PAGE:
Demystifying Protein Powders

By: Gretchen Fox Schempp, Wellness Manager

Hemp, Rice, Whey, Pea, Pumpkin, Soy, Sprouted… oh my, the choices.  Like many of the categories on the wellness shelves, there are many choices in protein powders too. Wouldn’t it just be easier if we had two choices, like chocolate and vanilla and that was that? If only it were so simple.

At the Co-op we cater to customers with a vast range of dietary needs and/or allergies.  This is often why there are so many different items to choose from.  In this article we are going to get down to the nitty-gritty on our selection of protein powders.  Then the next time you are peering at all the choices on that shelf, you’ll have a better idea of which one fits your needs.

Protein is necessary for muscle repair, maintenance and building.  A complete protein is one that provides all of the essential amino acids. Amino acids are the building blocks in protein that are used to produce antibodies, enzymes and hormones.  Some common reasons to use protein powders include: athletic support, vegan or vegetarian lifestyles or general nutritional support.


Soy was once the leader in protein powder sales, but today we only offer one choice in soy protein.  Soy is a good source of protein, weighing in at 14 grams per serving.  It is also high in phytoestrogens, particularly isoflavones.  Some women find soy products to be supportive for menopausal symptoms.  Soy is known for being low in saturated fat and free of cholesterol.  It is not surprising that the consumption of soy products is associated with cardiovascular health.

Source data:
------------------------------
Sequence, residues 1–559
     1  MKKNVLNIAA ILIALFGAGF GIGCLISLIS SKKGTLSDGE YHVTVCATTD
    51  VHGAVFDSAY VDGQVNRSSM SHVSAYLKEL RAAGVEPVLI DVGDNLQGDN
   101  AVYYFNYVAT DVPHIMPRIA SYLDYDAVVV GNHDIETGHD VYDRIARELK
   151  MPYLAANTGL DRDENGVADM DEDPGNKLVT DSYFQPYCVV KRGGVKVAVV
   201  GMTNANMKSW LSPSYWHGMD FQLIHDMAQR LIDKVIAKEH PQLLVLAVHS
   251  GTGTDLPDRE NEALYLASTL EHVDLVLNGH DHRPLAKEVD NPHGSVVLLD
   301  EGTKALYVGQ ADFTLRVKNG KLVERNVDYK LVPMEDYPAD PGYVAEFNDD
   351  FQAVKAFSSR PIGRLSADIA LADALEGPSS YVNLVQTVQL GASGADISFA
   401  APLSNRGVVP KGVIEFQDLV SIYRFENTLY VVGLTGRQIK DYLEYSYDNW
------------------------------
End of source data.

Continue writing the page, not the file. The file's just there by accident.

Rice protein is a good vegan option with around 12 grams of protein per serving.  It mixes easily and doesn’t have too strong of a flavor.  I like to use rice protein when making energy bars because of the simplicity in flavor.  For a simple rice protein with just protein and your basic amino acid profile, we carry Nutribiotic Organic Rice Protein in vanilla flavor.

Looking for protein with a little something extra?  Garden of Life’s Raw Protein in chocolate or vanilla are ramped-up rice protein powders.  Made with not only sprouted brown rice, but also with sprouted grains including amaranth, quinoa, millet, buckwheat, garbanzo bean, lentil, adzuki bean, flax seed, chia, pumpkin seed, sunflower seed and sesame seed.  In addtition this product contains chlorella for enhanced energy and a raw probiotic and enzyme blend for digestive support.

Rainbow Light also offers a rice protein option with a little something extra.  Their Creamy Vanilla Protein Energizer has 14 grams of brown rice protein and a green food and fiber complex along with enzymes for digestive support.


Hemp protein is a great vegetarian and vegan choice weighing in at 11-15 grams of protein per serving.   Some additional benefits of hemp as a choice is its fiber and essential fatty acid content.  Hemp protein is one of our only offerings with up to 5 grams of fiber per serving.  It also boasts a balanced ratio of omega-3 and omega-6 fatty acids.  Additionally hemp is an excellent source of magnesium and iron.  Hemp seeds are ground into a powder that mixes in with liquids and smoothies.  I recommend hemp protein in blended drinks or even baked goods as its consistency is generally a bit grainier than that of whey or pea.